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NSW Cup Team of the Year: Going, Leiataua named

One New Zealand Warriors Ali Leiataua and Kalani Going have been named in the New South Wales Cup Team of the Year.

Both excelled as the Warriors marked their return to the competition after a three-year absence by finishing third in the regular season.

Their play-offs campaign came to an end with a 24-28 loss to North Sydney leaving them one win short of making the grand final.

Centre Leiataua (20) made his NRL debut in the One New Warriors’ round 15 win over Canberra while back rower Going (26) was called up for his first NRL appearance in the final regular season match against Redcliffe.

Going appeared in 24 of the team’s 27 matches while Leiataua was limited to 16 games due to the hamstring injury which sidelined him for several weeks in the latter part of the season.

With 11 tries, Going was the Warriors’ leading try scorer with Leiataua next best with 10.

Going and Leiataua were the team’s top line breakers with 13 each while Going produced the side’s best numbers for post-contact metres with 1062 (ninth in the competition) and tackles with 721 (sixth overall). He was the Warriors' second best for most runs (300) and for most metres (2764). Leiataua made 2204 metres, averaging 137 metres a game.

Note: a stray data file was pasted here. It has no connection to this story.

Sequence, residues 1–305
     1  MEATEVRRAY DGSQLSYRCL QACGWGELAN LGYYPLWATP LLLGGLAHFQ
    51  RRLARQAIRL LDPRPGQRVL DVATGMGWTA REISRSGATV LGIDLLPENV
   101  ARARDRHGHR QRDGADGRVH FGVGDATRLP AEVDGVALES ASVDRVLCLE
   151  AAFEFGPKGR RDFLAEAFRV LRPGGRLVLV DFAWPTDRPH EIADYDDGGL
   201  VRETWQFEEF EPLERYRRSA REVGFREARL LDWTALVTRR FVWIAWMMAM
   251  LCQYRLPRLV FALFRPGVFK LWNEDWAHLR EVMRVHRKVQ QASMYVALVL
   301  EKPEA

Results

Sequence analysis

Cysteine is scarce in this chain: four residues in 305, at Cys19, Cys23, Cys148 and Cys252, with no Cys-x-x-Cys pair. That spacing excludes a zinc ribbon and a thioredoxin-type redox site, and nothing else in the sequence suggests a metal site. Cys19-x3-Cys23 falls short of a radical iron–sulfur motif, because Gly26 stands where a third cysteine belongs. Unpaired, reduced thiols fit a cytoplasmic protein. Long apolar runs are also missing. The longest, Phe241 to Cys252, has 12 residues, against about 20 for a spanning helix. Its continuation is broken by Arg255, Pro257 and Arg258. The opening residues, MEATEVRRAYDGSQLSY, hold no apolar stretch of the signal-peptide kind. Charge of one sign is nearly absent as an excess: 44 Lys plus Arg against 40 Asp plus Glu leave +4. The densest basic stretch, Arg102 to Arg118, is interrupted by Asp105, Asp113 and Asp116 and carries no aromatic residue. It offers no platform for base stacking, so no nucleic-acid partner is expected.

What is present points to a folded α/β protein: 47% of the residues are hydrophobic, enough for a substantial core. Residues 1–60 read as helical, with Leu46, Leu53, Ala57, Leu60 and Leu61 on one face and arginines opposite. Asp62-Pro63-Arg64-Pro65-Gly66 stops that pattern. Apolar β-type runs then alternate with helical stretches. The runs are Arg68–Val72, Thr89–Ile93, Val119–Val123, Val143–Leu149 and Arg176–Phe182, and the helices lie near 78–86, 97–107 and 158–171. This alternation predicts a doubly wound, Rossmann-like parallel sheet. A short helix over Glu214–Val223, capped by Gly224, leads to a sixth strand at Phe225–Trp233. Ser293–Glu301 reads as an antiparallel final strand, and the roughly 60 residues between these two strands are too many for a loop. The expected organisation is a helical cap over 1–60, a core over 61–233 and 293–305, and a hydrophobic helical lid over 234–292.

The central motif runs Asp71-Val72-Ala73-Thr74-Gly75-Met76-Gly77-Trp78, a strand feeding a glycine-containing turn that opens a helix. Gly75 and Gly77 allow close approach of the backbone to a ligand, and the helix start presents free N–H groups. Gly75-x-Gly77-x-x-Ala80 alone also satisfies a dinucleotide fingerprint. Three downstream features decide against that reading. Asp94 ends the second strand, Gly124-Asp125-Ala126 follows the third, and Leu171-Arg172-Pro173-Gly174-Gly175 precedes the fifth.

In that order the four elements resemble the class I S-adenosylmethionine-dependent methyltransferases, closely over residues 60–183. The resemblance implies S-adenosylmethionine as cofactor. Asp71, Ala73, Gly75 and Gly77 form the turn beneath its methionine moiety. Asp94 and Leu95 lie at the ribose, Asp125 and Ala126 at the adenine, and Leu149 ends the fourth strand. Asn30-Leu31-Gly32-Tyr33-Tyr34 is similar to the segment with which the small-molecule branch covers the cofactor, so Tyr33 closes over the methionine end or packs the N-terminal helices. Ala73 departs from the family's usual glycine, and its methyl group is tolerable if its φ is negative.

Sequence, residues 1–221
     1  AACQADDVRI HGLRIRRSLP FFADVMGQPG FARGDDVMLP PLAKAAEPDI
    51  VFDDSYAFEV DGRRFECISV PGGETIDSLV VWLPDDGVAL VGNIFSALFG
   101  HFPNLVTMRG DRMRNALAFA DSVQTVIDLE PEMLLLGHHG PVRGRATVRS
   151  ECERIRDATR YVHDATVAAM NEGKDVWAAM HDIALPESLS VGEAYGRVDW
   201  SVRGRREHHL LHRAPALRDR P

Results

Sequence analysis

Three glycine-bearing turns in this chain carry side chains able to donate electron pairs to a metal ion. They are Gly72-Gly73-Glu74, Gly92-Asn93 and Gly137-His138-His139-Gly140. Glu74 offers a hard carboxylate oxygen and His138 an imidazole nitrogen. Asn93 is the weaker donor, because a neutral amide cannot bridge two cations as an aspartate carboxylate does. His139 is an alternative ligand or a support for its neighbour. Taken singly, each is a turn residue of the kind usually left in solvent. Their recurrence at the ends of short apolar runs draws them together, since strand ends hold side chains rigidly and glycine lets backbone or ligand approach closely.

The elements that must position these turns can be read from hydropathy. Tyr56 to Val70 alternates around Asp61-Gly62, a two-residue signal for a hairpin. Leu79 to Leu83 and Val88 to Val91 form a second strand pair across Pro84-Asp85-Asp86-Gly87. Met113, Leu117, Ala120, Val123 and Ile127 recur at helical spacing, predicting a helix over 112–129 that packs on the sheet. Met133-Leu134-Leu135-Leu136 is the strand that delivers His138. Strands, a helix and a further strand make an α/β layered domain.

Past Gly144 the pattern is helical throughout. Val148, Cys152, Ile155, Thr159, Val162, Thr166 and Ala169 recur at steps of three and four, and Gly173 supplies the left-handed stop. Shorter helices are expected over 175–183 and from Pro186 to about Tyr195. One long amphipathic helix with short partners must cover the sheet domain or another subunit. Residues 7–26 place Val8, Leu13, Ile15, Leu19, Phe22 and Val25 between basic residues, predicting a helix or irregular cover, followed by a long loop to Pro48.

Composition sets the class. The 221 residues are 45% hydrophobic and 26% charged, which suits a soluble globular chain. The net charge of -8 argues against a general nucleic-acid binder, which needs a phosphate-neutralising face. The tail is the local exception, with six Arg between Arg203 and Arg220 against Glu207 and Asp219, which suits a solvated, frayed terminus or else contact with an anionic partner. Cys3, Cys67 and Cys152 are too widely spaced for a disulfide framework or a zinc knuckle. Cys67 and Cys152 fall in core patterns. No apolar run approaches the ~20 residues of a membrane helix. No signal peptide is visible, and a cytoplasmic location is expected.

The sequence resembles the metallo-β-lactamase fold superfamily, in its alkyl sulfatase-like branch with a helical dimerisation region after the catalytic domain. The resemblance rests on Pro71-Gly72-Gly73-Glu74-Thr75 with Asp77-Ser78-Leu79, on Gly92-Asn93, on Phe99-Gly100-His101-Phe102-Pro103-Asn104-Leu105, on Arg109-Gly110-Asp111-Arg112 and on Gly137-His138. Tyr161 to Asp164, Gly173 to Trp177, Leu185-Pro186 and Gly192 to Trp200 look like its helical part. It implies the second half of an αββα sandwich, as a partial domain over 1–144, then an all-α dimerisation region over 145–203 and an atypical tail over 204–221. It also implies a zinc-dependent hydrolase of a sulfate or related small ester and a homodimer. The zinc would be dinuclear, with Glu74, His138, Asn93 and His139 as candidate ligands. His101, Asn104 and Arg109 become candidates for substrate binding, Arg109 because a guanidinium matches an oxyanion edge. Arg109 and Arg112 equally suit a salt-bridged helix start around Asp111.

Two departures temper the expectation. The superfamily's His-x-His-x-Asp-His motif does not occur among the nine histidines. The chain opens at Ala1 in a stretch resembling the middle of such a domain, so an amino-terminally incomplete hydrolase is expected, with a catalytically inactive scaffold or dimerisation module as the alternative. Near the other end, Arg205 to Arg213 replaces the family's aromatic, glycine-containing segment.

Going had a total of 82 line breaks and Leiataua 77, an average of almost five a game including an exceptional 14 in the week two play-off win over Canberra.


1 Isaiah Iongi (Penrith Panthers)
2 Clayton Faulalo (Blacktown Workers Sea Eagles)
3 Kayal Iro (Newtown Jets)
4 Ali Leiataua (One New Zealand Warriors)
5 Fetalaiga Pauga (North Sydney Bears)
6 Jesse Marschke (North Sydney Bears)
7 Dean Hawkins (South Sydney Rabbitohs)
8 Liam Henry (Penrith Panthers)
9 Peter Mamouzelos (South Sydney Rabbitohs)
10 Trey Mooney (Canberra Raiders)
11 Clay Webb (Canberra Raiders)
12 Kalani Going (One New Zealand Warriors)
13 Zach Dockar-Clay (North Sydney Bears)

Acknowledgement of Country

The New Zealand Warriors honour the mana of the Indigenous peoples of Aotearoa, Australia and the Pacific. We acknowledge the traditional kaitiaki of the lands, elders past and present, their stories, their traditions, their mamae and their mana motuhake.

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